Writing in the Wall Street Journal two weeks ago, Sue Shellenbarger explored the growing popularity of customized majors at many colleges and universities:

More than 900 four-year colleges and universities allow students to develop their own programs of study with an adviser’s help, up 5.1% from five years ago, based on data from the College Board, a New York-based nonprofit organization of colleges and universities. University officials say at least 70 go a step further, providing programs with faculty advisers, and sometimes specialized courses, to help students develop educational plans tailored to their interests, while still meeting school standards.

[T]he number of organized programs is growing, says Margaret Lamb, director of the University of Connecticut’s individualized major program, which enrolls 150 of the university’s 21,500 undergraduates. Indiana University, with an enrollment of about 30,000 undergraduates at its Bloomington campus, has seen its individualized-majors program grow about 15% in the past decade. Appalachian State University in Boone, N.C., recently broadened student access to cross-disciplinary majors, and the University of Alabama and others are adding faculty or other resources. Philadelphia’s Drexel University is launching one next fall.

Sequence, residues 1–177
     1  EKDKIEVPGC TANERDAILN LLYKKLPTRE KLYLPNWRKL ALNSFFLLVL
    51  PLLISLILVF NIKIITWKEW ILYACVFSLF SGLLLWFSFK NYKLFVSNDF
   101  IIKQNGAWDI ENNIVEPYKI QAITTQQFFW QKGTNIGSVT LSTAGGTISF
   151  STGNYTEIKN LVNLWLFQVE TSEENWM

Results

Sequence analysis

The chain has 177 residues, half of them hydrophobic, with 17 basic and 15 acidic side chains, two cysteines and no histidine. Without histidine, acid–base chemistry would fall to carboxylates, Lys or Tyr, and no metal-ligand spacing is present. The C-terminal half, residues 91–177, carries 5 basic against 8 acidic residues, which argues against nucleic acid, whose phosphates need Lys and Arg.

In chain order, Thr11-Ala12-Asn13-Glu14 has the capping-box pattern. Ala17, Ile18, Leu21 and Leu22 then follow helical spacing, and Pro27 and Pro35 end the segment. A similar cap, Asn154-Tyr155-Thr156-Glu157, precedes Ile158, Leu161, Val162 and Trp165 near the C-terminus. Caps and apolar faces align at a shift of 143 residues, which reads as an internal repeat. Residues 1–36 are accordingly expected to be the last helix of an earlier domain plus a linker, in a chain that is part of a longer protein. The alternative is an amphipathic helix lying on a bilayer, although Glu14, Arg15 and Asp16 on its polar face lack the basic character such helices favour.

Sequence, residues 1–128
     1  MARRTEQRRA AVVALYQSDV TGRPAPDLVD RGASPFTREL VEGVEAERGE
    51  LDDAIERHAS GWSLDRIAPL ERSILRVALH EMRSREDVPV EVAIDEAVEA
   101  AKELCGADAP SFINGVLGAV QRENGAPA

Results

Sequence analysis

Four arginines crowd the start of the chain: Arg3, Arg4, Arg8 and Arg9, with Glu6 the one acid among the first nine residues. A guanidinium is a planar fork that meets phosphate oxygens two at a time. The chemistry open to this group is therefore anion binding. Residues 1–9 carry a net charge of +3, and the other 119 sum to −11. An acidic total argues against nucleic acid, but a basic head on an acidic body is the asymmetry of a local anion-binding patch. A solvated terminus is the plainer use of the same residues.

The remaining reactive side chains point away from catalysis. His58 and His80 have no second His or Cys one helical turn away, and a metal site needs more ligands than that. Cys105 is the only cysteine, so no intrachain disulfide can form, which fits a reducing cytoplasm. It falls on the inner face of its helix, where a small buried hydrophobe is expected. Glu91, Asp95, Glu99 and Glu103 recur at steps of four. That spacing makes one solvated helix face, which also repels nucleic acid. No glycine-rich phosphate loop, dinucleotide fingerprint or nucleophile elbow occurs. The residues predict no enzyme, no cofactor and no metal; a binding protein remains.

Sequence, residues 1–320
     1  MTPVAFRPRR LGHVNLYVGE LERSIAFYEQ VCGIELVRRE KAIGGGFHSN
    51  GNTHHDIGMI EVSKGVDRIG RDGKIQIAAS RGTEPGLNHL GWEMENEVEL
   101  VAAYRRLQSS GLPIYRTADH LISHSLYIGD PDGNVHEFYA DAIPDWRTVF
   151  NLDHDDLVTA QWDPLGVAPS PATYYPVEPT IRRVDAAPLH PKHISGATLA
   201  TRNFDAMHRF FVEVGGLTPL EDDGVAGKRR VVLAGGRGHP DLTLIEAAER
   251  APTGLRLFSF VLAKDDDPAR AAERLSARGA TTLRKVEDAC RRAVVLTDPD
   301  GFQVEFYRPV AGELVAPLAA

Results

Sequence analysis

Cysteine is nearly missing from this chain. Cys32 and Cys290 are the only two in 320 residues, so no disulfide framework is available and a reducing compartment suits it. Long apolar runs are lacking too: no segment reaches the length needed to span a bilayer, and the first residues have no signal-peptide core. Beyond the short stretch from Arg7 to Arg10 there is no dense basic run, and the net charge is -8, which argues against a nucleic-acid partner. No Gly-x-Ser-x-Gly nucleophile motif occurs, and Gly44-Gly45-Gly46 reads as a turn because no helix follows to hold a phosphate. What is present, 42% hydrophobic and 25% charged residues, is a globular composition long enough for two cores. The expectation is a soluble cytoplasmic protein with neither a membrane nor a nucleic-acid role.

Shellenbarger then rounds up some examples, seemingly designed to show how an individualized major can help undergraduates find the job of their dreams: